by Regan Schwartz

Matricaria recutita

Energetics: warm, neutral, relaxing

Actions: stomachic, carminative, soothing nervine, sedative, antispasmodic, vulnerary

For many people, chamomile is one of the first herbs they ever work with.  It’s so widespread that many folks don’t even realize that they are doing herbalism when they make a cup of tea after dinner, before bed, or when they are feeling a bit stressed out.  But they are!

Chamomile is full of active volatile compounds and has an affinity for the digestive and nervous systems.  These attributes help it in its work as a gentle and effective nervine and digestive aid.  I work with chamomile in tea, tincture, hydrosol, steam, bath, oil, and salve, though I have given up on growing it in my sun soaked central Texas garden.  Topically, chamomile is soothing and anti-inflammatory, especially for folks with compromised skin barriers.  It shows up in my facial oils, bath soaks, steams, toners, serums, and overnight balm and I am ever grateful for its partnership.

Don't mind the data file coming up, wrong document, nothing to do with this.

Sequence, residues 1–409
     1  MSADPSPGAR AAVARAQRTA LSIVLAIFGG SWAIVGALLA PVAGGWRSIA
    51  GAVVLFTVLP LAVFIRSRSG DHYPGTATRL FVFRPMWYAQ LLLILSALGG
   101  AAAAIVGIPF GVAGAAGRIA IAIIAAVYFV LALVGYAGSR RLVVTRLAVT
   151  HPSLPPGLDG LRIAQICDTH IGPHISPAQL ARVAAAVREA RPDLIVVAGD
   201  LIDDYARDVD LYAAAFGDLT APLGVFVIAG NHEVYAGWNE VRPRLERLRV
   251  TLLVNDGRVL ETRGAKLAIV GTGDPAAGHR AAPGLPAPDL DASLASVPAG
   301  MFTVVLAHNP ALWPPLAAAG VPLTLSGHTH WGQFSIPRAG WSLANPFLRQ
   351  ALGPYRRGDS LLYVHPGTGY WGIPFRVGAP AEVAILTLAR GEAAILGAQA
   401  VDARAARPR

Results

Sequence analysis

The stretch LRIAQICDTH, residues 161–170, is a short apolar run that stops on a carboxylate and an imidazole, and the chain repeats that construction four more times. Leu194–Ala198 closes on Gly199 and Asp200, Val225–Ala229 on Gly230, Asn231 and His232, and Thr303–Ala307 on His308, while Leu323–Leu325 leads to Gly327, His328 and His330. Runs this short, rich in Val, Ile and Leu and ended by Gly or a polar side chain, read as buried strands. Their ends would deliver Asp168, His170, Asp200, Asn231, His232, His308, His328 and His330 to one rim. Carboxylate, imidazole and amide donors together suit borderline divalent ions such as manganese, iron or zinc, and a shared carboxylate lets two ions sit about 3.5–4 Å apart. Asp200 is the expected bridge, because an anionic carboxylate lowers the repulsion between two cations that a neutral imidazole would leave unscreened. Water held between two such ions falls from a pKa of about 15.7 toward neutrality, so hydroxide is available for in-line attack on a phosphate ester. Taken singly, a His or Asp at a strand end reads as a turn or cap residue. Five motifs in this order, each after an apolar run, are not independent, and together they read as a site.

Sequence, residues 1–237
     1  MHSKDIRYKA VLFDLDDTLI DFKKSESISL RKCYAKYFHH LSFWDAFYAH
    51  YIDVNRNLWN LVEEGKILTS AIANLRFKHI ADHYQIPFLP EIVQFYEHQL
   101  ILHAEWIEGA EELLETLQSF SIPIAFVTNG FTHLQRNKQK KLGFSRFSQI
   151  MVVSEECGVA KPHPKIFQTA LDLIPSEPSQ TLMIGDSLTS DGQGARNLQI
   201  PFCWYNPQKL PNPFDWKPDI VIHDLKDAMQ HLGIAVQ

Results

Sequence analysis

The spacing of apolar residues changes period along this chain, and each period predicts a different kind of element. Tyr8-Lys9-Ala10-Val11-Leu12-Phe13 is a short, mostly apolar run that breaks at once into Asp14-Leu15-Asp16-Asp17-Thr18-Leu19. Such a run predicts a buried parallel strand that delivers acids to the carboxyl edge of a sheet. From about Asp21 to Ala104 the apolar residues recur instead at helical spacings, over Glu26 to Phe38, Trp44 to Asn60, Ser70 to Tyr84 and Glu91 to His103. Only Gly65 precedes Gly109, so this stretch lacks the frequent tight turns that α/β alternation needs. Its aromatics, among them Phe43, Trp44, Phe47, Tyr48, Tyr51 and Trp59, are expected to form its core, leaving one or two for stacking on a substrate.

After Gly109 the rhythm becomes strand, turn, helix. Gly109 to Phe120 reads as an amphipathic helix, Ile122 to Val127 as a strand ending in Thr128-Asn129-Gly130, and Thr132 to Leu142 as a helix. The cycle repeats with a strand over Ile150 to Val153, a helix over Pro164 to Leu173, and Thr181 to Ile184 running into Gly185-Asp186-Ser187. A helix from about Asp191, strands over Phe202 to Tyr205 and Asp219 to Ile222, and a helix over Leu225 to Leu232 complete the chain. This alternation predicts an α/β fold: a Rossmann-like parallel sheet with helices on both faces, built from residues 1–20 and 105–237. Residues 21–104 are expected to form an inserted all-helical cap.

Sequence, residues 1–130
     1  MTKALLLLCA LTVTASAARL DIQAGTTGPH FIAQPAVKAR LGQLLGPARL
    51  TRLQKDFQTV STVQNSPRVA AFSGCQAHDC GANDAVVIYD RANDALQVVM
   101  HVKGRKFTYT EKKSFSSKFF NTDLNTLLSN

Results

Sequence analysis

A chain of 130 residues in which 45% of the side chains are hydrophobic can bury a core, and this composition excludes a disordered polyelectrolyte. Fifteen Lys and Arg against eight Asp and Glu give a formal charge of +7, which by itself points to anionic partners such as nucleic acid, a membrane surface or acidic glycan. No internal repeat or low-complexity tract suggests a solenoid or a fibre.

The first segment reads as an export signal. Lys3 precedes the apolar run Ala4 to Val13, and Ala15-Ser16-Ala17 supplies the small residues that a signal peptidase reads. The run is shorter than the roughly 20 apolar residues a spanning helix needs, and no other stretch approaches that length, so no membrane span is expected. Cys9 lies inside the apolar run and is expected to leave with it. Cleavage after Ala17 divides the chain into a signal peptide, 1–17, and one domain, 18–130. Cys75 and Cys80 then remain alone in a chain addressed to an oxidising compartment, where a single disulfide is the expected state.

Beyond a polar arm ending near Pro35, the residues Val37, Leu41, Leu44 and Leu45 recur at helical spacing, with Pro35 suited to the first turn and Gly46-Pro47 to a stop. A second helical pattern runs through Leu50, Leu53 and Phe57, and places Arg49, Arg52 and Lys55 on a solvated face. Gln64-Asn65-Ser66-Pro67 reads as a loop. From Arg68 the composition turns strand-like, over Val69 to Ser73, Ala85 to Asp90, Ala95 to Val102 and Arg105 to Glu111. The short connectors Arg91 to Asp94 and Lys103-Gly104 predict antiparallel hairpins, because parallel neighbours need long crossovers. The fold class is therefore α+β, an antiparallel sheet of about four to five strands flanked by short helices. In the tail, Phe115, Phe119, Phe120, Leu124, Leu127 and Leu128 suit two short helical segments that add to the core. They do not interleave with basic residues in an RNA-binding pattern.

Chamomile is an amazing, unassuming plant with an ancient relationship with humans and so many gifts to share.  Magically, it is associated with regeneration, healing, protection, peace, luck, and money.